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Parents, stakeholders demand protection for students, right to education on world Children’s Day 

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Children’s Day

• Experts want learning, infrastructural gaps in Northern schools addressed

As Nigeria joins the rest of the world to celebrate children, stakeholders have appealed to government to address issues of insecurity in the north and bridge learning gaps among school children in the zone.

Since February 2014, northern Nigeria has experienced at least 10 high-profile attacks on secondary schools.

More than 1000 school children have been victims of mass abductions by armed groups. While some of these students have been released, a significant number remain in captivity. Boko Haram has continued to attack schools, abducting students and using them as suicide bombers or marrying off girls as brides to their soldiers.

Attacks on school children have many implications — for students themselves, along with their families and the country at large. Insecurity focused on centres of learning fuels parents’ unwillingness to send their wards to school, thereby advancing Boko Haram’s goal of preventing western education.

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A recent report revealed that over 600 schools in six states in the north have been shut down due to widespread insecurity. Compounding the situation, children without education can be especially vulnerable to recruitment by bandits. The wave of insecurity in northern Nigeria is, therefore, creating a generation of children whose education has been permanently retarded.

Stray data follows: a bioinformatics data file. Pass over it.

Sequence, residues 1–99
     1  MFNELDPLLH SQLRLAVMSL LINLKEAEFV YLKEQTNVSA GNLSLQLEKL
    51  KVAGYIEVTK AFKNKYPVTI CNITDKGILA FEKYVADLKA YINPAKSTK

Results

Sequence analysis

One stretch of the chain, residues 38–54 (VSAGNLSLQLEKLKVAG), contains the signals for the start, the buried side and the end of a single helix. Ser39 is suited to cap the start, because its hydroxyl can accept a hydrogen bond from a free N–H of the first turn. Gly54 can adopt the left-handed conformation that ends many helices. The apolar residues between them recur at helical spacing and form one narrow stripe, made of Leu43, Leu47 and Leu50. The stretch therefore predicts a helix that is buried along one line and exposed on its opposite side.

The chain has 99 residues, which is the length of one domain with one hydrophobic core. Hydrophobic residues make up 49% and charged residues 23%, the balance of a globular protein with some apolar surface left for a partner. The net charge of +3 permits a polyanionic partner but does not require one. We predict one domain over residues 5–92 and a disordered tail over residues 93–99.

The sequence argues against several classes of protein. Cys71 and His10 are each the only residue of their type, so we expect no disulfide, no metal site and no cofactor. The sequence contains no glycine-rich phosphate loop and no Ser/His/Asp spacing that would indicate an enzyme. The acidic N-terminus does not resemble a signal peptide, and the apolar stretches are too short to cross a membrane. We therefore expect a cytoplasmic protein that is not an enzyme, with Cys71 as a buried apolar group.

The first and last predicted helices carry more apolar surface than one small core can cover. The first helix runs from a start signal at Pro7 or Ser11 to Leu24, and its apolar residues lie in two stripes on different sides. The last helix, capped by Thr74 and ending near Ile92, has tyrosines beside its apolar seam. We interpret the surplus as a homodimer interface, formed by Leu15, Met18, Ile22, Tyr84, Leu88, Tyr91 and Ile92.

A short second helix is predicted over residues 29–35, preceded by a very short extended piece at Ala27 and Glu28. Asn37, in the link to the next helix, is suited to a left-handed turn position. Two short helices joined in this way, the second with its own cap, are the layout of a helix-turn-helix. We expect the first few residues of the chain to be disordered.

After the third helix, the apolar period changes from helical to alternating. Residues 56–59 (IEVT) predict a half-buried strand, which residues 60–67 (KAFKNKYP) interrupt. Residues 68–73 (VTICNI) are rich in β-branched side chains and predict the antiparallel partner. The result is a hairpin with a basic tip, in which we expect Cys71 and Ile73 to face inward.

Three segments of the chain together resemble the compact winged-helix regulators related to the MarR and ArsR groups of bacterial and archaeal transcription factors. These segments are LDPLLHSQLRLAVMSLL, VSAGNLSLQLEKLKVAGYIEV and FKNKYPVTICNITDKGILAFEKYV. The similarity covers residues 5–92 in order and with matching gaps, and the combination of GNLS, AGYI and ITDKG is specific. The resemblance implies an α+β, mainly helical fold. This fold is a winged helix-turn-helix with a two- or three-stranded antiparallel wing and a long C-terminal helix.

The shortage of education could also lead to skills gap in the workforce; reducing youths’ ability to catalyse sorely needed economic development.

To improve the situation, stakeholders said the country must intensify the Safe Schools Initiative (SSI) established in 2014 in response to Chibok abduction. Although armed groups have proliferated since its launch, the initiative can be tweaked to meet current realities. Without decisive actions, they warned that abductions and instability they cause would continue to plague Nigeria, holding back the future of children and the country they would inherit.

No one was arrested or prosecuted for abduction of school children from Chibok and other locations. This has led to escalation of attacks on schools, forcing closure and leaving parents in despair.

An educationist, Dr Ibrahim Dansa, said the government should provide adequate security to schools to assure children of safety when they attend school.

He also insisted that the government should demonstrate commitment to protecting the right to education by investigating these attacks and holding those responsible accountable.

Some parents had insisted that  their wards would not return to school because they did not believe the government could guarantee their protection.

“The schools are not safe. The government is not trustworthy and we do not believe them when they said they would protect our children,” a parent said.

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“Some of our children were about writing exams but could not continue because schools are closed, yet the government is not doing enough to ensure that students return to school,” Dansa stated.

For Adamu Ahmed, a teacher in Nasarawa, the forceful closure of schools across the north had increased cases of child marriages and early pregnancies of school-age girls.